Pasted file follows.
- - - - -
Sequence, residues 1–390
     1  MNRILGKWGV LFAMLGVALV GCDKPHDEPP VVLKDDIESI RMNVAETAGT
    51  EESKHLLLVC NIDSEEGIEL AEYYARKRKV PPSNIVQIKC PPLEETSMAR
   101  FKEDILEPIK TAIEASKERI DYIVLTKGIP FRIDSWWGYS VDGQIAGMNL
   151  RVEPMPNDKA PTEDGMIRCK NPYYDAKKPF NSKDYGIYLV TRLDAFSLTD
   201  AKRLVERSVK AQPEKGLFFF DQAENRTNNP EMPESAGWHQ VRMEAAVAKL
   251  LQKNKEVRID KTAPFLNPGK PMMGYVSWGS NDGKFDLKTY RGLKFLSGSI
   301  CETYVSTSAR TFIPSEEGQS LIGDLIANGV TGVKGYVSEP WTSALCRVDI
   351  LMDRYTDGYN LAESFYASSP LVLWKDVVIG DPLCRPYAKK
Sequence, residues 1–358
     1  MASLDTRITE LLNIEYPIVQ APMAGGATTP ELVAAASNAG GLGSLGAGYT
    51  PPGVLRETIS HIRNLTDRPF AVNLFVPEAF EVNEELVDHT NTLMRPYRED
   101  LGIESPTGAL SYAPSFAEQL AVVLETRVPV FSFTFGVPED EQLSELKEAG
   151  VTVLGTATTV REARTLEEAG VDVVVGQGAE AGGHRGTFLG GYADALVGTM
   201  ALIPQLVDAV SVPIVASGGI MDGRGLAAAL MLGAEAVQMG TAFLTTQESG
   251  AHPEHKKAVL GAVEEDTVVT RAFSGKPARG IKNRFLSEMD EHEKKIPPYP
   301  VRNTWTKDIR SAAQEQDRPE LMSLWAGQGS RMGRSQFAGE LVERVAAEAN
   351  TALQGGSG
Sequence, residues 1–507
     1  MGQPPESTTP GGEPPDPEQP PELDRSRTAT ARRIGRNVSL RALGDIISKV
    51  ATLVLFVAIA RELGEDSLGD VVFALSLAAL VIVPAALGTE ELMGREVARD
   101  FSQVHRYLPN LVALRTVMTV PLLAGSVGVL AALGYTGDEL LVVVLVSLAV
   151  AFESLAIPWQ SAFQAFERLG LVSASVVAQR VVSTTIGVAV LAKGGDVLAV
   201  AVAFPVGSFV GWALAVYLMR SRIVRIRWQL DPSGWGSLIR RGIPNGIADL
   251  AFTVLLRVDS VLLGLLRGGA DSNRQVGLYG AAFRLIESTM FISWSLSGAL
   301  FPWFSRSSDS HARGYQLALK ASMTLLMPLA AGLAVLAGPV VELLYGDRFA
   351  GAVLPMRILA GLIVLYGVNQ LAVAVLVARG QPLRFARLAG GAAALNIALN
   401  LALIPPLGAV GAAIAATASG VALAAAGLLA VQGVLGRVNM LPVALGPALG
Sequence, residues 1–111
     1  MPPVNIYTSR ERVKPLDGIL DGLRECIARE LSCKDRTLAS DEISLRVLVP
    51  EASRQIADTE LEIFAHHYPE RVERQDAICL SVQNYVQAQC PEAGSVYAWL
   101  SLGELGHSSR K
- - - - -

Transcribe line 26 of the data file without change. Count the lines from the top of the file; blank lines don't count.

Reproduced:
   301  FPWFSRSSDS HARGYQLALK ASMTLLMPLA AGLAVLAGPV VELLYGDRFA